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    I think the 7.7 is far more reasonable an will be more fun for the riding you want to do. The demos are DH bikes. If you are going to be riding some trails, the 7.7 will handle this better than the demo 8. The 7.7 will also do pretty well for DH riding.
     
  11. Jm_

    Jm_ Turbo Monkey

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    There's always a lot of things that they screw up, chainstays not strong enough, shock hardware wrong, excessive stack height, wrong valving for the shocks, we found the alignment off on an sgs pro fr bike, crappy spec (manitou shock with bushings that don't last a darn, IH's admission), etc.

    They're a company trying to do good, but I think more than others they fall prey to the fact that their bikes are produced overseas, and that creates a lot of these problems. With the IH bikes that we've dealt with in the shop, plus my own and my friends, it seems that IH has more of these problems than other manufacturers. I'd be interested to get one of their "made in the usa" bikes and have a significant amount of time on it, to see how they compare.
     
  12. Bicyclist

    Bicyclist Turbo Monkey

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    I think it's funny that when compared to a 7" bike the Demo is only for DH but when compared to a DH bike it's no good at downhill, it's a damn FR bike.

    I own a Demo 8 and often take it on long, epic rides. I ride 15 mile loops on it with 38x12-25 gearing. Hard? Yes. Do-able? Yes. I don't really like the 7Point series. My buddy has one and it doesn't "feel" right when you ride it. His is a 15" and it came way undersprung in the rear. That might contribute to the weird ride but it seems like IH would match the front and rear suspension.
     
  13. slang

    slang Monkey

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    have you considered an sx-trail?
     
  14. Bicyclist

    Bicyclist Turbo Monkey

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    I would ride one of those for FR over a 7Point in a heartbeat.

    I guess you should figure out what you're doing most.

    Are you DJing and riding tech FR stuff?

    Or are you riding rough terrain and big lines?

    Either way I would go for a Specialized over an IH because of the superior quality and lifetime warranty.
     
  15. afromandookie

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    Yes I have ridden my friends demo but not a 7 point 7. I really like the plushness you get from the dhx and Ive rode a 2004 demo 9 pro but that was a little heaver and seemed to not pedal not as well.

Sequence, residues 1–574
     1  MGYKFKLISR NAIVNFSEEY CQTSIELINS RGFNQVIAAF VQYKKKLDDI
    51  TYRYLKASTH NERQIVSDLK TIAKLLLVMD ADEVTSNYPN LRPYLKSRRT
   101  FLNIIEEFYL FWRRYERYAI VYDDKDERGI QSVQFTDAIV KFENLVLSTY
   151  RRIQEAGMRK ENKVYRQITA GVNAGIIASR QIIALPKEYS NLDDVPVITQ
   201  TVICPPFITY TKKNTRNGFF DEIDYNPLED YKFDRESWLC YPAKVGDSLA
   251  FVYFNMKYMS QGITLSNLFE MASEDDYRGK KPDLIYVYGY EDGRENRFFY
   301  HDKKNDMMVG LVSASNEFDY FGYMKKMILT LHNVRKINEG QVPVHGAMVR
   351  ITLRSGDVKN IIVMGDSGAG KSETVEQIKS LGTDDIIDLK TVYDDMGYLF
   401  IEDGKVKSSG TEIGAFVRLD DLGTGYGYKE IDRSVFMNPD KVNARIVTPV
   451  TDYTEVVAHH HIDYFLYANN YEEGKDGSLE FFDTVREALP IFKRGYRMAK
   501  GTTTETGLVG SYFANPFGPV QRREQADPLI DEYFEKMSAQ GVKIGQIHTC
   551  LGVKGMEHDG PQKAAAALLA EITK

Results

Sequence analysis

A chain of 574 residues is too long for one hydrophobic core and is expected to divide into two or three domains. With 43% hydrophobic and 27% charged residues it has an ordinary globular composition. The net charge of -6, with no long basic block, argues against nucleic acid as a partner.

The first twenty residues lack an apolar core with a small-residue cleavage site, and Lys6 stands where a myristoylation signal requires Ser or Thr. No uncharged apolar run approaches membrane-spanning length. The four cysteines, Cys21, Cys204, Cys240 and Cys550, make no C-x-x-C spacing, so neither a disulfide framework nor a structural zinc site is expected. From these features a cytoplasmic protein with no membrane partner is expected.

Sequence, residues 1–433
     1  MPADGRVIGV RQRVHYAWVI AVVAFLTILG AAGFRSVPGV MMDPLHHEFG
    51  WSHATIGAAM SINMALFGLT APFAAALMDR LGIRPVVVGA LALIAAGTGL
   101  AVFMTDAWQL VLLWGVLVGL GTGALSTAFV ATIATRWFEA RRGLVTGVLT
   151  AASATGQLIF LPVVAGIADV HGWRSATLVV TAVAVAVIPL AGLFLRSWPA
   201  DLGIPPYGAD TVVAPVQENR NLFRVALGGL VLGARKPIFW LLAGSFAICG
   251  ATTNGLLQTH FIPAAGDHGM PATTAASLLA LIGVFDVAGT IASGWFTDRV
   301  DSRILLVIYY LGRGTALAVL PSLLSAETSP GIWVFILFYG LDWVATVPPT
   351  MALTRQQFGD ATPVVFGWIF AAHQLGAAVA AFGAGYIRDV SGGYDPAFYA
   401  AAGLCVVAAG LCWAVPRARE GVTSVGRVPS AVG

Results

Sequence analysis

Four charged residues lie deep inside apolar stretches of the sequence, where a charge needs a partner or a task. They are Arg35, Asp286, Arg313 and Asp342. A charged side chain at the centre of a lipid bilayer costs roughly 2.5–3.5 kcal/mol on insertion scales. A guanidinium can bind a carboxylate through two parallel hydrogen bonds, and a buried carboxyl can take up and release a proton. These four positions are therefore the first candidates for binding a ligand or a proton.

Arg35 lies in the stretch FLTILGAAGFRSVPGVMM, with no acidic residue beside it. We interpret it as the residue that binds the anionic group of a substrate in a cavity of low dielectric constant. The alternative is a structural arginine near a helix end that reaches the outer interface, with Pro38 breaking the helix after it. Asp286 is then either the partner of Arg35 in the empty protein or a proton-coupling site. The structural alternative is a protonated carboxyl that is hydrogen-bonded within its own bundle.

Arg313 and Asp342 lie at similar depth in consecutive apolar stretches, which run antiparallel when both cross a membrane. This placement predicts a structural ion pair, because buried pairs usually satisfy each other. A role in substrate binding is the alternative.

also what is stack hight, I'm kind of a beginner
    I dont do DJing becides on Aline when I go to Whistler.
    I want to start doing good sized drops and love riding rough stuff when there is some.
     
  16. Bicyclist

    Bicyclist Turbo Monkey

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    It sounds like you need a Demo 8. Stack height is how tall the headtube is, which determines your bar height.
     
  17. TheInedibleHulk

    TheInedibleHulk Turbo Monkey

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    My recommendation from what youre saying would be to get the demo, swap the 888 out for a boxxer team (should be able to break even cost wise), and maybe do a few other small changes to drop weight. The demo pedals pretty well and people have set them up for freeride before. As for dirt jumping, just get a cheap hardtail DJ for that (P2, porter, whatever). If you can spend 3500 on a big bike I suspect you can scrape 700 together for a hardtail. Or get a used one for like 300 for that matter. Dirt jumping on a hardtail is much easier and will go a long way to developing your precision and just general bike handling. If you really only want one bike, I would look at the SX Trail.
     
  18. afromandookie

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    Alright thanks to all that helped me decide. :)I'm going with the demo. I'm sure I will love it.:love:
     
  19. monke880

    monke880 Chimp

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    Good call. Demos are awesome.
     
  20. seismic

    seismic Turbo Monkey

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    Of those two bikes get the D8 !
     
  21. kona_rider

    kona_rider Chimp

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    go with the demo 8 its a sweet bike
     
  22. sbabuser

    sbabuser Turbo Monkey

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    If you're pedalling at all, my vote is 7 Point - killer bike. Mine did have some shock hardware issues, but once that was taken care of, it was solid. I don't believe that Specialized has never had any issues out of the box. How many broken Enduros have there been? How many fkd up Swingers showed up on Demos?
    But if you're riding mainly dh, the Demo is probably the better choice - adjustable geometry and slacker angles even in the steeper settings.
     
  23. Netguy

    Netguy Monkey

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    I second that. The SX Trail is a sick bike. For me, its my everything bike, except for Whistler. However, with that being said, I am excited to take it down Aline and DM this year.
     
  24. dw

    dw Wiffle Ball ninja

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    You have obviously never looked at a 7POINT. There are a lot of valid points that a person could make to support either bike one way or another, but this is not one. Both the 7POINT and Demo 8 are built in Taiwan, within minutes of each other, and using materials, and forgings built by many of the exact same suppliers.

    Dave
     
  25. dw

    dw Wiffle Ball ninja

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    I canagree with some of your points, but I hardly think that some of them are really valid, I mean, chainstays not strong enough? Maybe on a 2003 SGS for some people, that bike was designed in 2001! Five years later, and a LOT of things have changed. I can verify for a fact that there have been ZERO chainstay breaks on Sundays or 7POINTS,and one that I know of on Yakuzas that were rental bikes at Diablo. Those are real numbers.

    Excessive stack height? The Sunday was the FIRST bike that was designed arong the e13 reducing headset, and paved the way for low stack heights on DH bikes. Look at how many use them now, 3 years after the Sunday prototypes showed up at the NORBAs with the design.